“…without the shedding of blood there is no forgiveness of sins.” (‭Hebrews‬ ‭9‬:‭22‬ ESV)

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A Mini-Milestone has passed…

This is a short update, yet good news for me. Just a while ago I finished getting my last pre-transplant treatment, some chemotherapy. It won’t be my last chemo forever, but it does usher me into the next phase, which is the actual transplant!

Tonight and tomorrow is dedicated to just chilling.

Then, on Thursday, I get my transplant!

In the mean time, be praying for my donor! He/She is most likely nervous today, as they prepare to be harvested tomorrow. I pray that the procedure is effective and that it is at least tolerable. I also pray for special blessings over them.

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Quick update…chemo time!

OK, so yesterday marked the end of my radiation therapy. Yippy! It made me generally yucky; nausea and headache. My taste started to depart as well.

But this morning, I move on to the next step towards my transplant; chemotherapy. I’ll start a high-dose chemo today, for two days. Then I’ll get another one for two days after that.

Together, the radiation and the chemo are my main pre-treatments before actually receiving the bone-marrow/stem cell transplant. They’re designed to completely wipe out my immune system, so that the donated cells will be utilized to rebuild.

Chemo makes me sick.

So, please continue to pray that I can maintain a comfortable status quo.

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Well, the time has come…

The time has arrived for my bone-marrow/stem cell transplant. The actual transplant won’t take place for over a week. There’s some prep-work to get done first. Most of it isn’t very fun, however.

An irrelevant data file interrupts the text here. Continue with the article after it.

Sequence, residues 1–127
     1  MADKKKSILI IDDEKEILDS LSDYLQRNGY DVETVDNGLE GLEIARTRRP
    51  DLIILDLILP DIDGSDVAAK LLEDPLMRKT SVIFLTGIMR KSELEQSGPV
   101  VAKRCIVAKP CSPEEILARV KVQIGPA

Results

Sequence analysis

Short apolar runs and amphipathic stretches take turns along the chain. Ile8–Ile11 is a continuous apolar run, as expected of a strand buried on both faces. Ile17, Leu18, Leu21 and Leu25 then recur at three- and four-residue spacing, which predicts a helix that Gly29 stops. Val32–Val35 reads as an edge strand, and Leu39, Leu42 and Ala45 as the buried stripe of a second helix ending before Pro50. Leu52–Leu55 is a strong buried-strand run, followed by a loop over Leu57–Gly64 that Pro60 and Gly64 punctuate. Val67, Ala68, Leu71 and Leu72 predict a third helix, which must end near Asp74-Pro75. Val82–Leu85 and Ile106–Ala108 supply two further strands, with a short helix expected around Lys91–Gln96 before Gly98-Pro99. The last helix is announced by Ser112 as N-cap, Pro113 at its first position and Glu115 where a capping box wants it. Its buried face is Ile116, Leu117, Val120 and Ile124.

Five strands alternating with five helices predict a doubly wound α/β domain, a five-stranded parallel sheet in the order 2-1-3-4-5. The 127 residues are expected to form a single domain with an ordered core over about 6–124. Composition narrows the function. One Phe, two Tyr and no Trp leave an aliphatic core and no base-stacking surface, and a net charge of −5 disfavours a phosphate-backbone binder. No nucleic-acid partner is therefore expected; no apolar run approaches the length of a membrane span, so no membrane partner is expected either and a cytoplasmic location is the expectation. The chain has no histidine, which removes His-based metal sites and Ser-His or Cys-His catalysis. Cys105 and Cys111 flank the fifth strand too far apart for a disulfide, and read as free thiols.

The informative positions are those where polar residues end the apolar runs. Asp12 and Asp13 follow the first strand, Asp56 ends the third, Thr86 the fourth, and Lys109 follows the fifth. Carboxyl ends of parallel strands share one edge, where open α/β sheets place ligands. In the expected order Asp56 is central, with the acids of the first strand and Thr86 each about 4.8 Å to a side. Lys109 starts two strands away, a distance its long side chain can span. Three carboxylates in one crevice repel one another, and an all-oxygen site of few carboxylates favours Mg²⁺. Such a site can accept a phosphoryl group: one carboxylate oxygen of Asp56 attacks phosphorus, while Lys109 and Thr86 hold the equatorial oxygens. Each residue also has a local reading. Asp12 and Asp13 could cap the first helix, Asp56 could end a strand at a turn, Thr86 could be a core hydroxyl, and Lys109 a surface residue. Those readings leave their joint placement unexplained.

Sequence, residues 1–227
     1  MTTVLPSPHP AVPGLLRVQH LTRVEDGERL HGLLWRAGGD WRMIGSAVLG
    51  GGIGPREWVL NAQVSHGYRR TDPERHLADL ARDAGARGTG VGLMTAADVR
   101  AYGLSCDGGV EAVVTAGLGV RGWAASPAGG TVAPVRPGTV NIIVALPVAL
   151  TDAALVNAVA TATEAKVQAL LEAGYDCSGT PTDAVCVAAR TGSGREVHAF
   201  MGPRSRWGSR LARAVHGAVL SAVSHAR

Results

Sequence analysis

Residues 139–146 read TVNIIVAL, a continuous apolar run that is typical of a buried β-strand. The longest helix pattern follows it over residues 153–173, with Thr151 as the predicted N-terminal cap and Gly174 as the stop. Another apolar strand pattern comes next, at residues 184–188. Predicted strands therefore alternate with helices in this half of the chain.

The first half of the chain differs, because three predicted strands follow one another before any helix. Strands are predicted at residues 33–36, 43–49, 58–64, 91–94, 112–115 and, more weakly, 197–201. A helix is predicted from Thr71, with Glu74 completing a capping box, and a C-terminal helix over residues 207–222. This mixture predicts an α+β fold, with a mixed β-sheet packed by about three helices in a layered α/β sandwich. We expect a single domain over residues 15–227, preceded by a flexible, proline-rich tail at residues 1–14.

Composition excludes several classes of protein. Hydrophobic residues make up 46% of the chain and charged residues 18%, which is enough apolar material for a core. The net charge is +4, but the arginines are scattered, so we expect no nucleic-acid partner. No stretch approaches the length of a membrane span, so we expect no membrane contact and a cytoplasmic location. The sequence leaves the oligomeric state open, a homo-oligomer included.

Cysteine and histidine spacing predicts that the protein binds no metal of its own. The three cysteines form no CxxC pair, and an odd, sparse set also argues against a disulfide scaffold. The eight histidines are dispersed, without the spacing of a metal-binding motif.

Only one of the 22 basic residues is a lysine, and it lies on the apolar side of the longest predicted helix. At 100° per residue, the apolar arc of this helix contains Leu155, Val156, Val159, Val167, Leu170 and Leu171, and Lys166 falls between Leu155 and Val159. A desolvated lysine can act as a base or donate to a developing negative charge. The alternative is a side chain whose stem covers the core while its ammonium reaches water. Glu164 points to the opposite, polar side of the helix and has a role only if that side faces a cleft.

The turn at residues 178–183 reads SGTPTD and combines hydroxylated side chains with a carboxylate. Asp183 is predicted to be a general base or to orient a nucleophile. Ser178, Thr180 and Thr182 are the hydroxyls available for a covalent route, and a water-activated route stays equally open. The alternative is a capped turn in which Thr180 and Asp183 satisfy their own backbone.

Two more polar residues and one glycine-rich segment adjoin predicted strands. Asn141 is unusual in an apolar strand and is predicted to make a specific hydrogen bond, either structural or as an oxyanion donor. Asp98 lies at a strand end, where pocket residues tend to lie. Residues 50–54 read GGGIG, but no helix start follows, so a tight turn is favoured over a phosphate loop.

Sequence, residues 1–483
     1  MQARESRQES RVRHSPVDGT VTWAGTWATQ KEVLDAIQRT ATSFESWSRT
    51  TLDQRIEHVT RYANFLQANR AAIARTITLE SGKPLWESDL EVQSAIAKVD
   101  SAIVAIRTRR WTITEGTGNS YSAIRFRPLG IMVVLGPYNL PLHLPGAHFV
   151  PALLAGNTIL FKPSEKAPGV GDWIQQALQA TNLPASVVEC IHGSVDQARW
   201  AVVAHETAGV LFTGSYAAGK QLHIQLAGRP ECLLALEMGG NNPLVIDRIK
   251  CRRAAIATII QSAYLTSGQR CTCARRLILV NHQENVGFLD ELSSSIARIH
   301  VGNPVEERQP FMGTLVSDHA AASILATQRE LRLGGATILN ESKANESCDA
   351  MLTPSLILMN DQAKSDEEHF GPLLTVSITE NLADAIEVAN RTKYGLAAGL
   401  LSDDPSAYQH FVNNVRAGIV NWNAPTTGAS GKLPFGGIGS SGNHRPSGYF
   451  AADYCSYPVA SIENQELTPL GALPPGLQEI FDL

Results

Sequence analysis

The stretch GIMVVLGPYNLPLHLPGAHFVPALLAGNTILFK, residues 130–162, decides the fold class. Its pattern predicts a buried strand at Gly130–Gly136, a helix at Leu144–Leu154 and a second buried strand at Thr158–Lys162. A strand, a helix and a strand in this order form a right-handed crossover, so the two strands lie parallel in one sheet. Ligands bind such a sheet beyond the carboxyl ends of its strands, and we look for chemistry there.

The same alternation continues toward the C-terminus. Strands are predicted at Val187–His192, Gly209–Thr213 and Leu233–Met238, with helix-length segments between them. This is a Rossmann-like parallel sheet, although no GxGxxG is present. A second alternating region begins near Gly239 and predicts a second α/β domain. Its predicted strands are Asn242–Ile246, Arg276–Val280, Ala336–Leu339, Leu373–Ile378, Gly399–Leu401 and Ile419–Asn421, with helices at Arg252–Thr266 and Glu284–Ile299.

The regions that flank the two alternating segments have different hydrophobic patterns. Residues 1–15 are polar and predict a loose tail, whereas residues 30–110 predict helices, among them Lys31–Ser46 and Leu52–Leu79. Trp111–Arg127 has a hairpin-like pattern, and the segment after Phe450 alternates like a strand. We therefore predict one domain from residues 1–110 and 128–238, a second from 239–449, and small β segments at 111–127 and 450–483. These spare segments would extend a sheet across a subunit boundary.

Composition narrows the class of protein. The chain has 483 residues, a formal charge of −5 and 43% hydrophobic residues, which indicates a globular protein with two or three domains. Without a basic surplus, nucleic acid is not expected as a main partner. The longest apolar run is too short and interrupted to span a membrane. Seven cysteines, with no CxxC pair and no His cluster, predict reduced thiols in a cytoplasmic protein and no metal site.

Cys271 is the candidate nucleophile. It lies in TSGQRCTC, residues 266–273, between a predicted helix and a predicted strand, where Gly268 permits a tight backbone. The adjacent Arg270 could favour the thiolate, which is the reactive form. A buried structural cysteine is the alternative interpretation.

There really isn’t much I can share that you readers of my blog don’t already know. Today I’m being remanded readmitted to UCLA. As I type we’re sitting outside of Admitting, waiting for my room to be finished. (Since I’ll be on the Leukemia/Hematology Wing for a while, they’re cleaning up a good room for me. One with a decent view.)

Tomorrow I should start my full-body radiation. That’ll go twice a day, for 4 days. Then I’ll get several days of high dose chemotherapy. Then I’m supposed to get a day off of “rest”, then the following day should be the stem cell transplant. Last we heard, that’s scheduled for July 3rd.

Assuming this schedule is still accurate, the donor, whom I do not know, will have their bone marrow harvested on July 2nd, and it’ll be shuffled off to UCLA, via LAX. As I’m typing, I’m overcome again that some skinny young guy is choosing to endure this donation, for me. What a gift.

I’ll try to keep the updates coming, but this journey is bound to get harder before it gets easier. So, bear with me, and ask questions if you have them. Feel free to post them in the comments, or to me on any of my social media profiles.